Correction 5/28/2013: A previous version of this story incorrectly stated that Brown University in Rhode Island had divested from fossil fuels in response to student pressure.
Students at the University of Washington want the school to dump its investments in major fossil fuel companies like Exxon and BP as part of a nationwide campaign to combat climate change through public institutions.
Correction 5/15/2013: A previous version on this story stated that Jolie had a one in 87 chance of getting breast cancer when in fact she had an 87 percent chance.
Now, the public knows about Angelina Jolie’s double mastectomy. She wrote in the New York Times that, thanks to genetic testing, she believed there was an 87 percent chance she’d get breast cancer, so she went for it.
Tuesday, Dr. Julie Gralow, director of breast medical oncology at Seattle Cancer Care Alliance spoke with KUOW's Sara Lerner. Dr. Gralow says, “The majority of breast cancer in the United States is not gene-mutation cancer.”
Interview with Knute Berger at the base of the Space Needle.
Correction: The original broadcast of this story dated Knute Berger’s year in residence at the Space Needle as 2012. In fact, it was most of 2011.
Seattle's Space Needle turned 50 years old last year. It was built for the 1962 World’s Fair. The public loved it immediately. But the architectural critics of the time were much less enthusiastic. They called it a monstrosity. They called it pretentious. They called it vulgar.
Knute Berger spent much of 2011 sitting at a table in the Space Needle where he worked as its writer in residence. His private area was roped off by those dividers they use to line people up at the movie theater. Sometimes tourists would stop and ogle him, as if he were an exhibit.
Knute sympathizes with those tourists. He’s loved the Space Needle since he first saw it under construction in 1961. He tells us why the critics hated it so much, and how they gradually came to accept it for what it was: an experiment with new materials and an unlikely symbol of optimism from an age when people were building bomb shelters in fear of a Soviet nuclear attack.
Knute Berger is the author of "Space Needle: The Spirit Of Seattle." He and other journalists gather to review the news of the week every Friday at 10:00 a.m. on KUOW.
Sacramento Kings fan Gloria Bailey holds a sign campaigning to keep the team in Sacramento, Calif., as she stands in line before an NBA basketball game between the Kings and the Los Angeles Clippers, Wednesday, April 17, 2013.
Correction: An earlier version of this story inaccurately said the NBA’s Relocation Committee is made up 12 owners, including Clay Bennett. The committee is made up of seven members and includes Clay Bennett.
Program’s Director, Claudette Elliott. Investigators claim Elliott encouraged employees to participate in what were deemed to be questionable practices, including the unauthorized use of Wiccan rituals and energy readings.
Correction: An earlier version of this story misspelled the name of the program director, Claudette Elliott.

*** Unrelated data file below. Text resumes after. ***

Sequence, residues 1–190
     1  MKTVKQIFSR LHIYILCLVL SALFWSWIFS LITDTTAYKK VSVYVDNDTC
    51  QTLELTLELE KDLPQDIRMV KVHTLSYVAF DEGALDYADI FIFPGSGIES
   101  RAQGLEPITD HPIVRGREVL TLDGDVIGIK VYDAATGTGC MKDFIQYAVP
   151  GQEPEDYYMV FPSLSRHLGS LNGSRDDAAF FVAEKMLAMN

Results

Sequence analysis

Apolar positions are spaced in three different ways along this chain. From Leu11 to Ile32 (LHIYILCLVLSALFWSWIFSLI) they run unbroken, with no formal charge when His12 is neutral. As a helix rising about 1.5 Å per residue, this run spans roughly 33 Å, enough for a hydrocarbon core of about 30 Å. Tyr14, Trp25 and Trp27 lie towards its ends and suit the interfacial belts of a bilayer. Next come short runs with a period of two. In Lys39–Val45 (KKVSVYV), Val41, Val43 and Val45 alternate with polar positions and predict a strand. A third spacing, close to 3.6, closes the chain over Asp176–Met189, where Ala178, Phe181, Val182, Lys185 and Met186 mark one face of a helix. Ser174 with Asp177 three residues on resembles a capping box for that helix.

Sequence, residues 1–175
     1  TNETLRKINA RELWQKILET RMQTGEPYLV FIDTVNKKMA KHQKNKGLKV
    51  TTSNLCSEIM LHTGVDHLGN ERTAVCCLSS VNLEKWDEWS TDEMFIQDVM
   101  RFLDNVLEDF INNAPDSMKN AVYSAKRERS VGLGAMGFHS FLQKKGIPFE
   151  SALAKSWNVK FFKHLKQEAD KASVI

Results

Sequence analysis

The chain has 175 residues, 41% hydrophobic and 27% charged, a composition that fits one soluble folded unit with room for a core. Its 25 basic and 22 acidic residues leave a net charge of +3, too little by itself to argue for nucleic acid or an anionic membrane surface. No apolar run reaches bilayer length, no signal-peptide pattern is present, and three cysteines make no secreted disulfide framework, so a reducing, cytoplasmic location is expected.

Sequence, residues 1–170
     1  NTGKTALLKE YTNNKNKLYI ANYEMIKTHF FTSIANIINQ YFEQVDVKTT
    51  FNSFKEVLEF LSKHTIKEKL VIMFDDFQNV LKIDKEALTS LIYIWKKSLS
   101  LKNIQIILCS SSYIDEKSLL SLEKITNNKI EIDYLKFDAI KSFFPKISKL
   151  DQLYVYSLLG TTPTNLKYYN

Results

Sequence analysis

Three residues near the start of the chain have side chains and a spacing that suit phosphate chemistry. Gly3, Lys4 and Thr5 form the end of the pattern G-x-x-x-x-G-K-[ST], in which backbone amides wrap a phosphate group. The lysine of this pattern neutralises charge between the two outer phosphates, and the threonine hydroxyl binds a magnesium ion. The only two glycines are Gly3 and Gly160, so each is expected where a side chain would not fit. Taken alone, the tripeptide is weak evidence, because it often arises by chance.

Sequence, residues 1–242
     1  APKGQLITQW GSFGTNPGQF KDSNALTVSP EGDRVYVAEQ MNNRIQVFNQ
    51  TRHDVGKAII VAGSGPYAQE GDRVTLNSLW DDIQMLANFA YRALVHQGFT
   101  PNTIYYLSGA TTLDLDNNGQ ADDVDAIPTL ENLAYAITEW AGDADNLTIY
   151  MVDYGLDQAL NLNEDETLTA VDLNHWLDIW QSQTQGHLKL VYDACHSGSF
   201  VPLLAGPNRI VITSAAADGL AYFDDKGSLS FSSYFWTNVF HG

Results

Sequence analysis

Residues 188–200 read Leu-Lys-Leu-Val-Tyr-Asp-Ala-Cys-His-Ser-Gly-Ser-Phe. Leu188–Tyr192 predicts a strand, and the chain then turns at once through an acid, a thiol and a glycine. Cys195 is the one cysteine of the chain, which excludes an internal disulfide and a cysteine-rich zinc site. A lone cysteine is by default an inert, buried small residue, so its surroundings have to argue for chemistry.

The Army has suspended the Trust and Enhancement Sustainment Task Force, a program that was created to help improve patient care by building on trust. Documents from the investigation obtained by KUOW show that investigators found the task force lacked the structure and employee training standards needed to execute its mission.
Correction: audio for this story differs from its original broadcast, which incorrectly identified Nate McMillan as a member of the Sonics championship team from 1979. We have also clarified the story to indicate that the two conference trophies in MOHAI's warehouse are not the only two won by the Sonics.
When the owners of the Seattle Sonics moved the team to Oklahoma City in 2008, basketball fans in Seattle were crushed. But they got one consolation prize: The team’s owners agreed to leave behind the Sonics’ cache of memorabilia.
Correction: An earlier version of the story stated that buildings cannot be nominated for landmark status if they are too small. The story has been corrected to say that while small buildings can be nominated, they do not automatically trigger a landmark review.
South Lake Union in Seattle was once home to timber mills, commercial laundries, warehouses, even a factory making Ford Model Ts. It’s now being targeted for major new development, with the city’s mayor proposing raising building heights dramatically in the low-rise district. But historic preservationists say the plan does not adequately address the area's unique history and they worry it will result in the obliteration of many of the old buildings that provide the city’s connection with the past.
The House voted 257-167 late last night to pass the American Taxpayer Relief Act of 2012. The bill now goes to the President, but sets up another confrontation over taxes and spending in just weeks. We check in with Jill Jackson of CBS News and hear from Representative Jim McDermott about why he voted against the deal.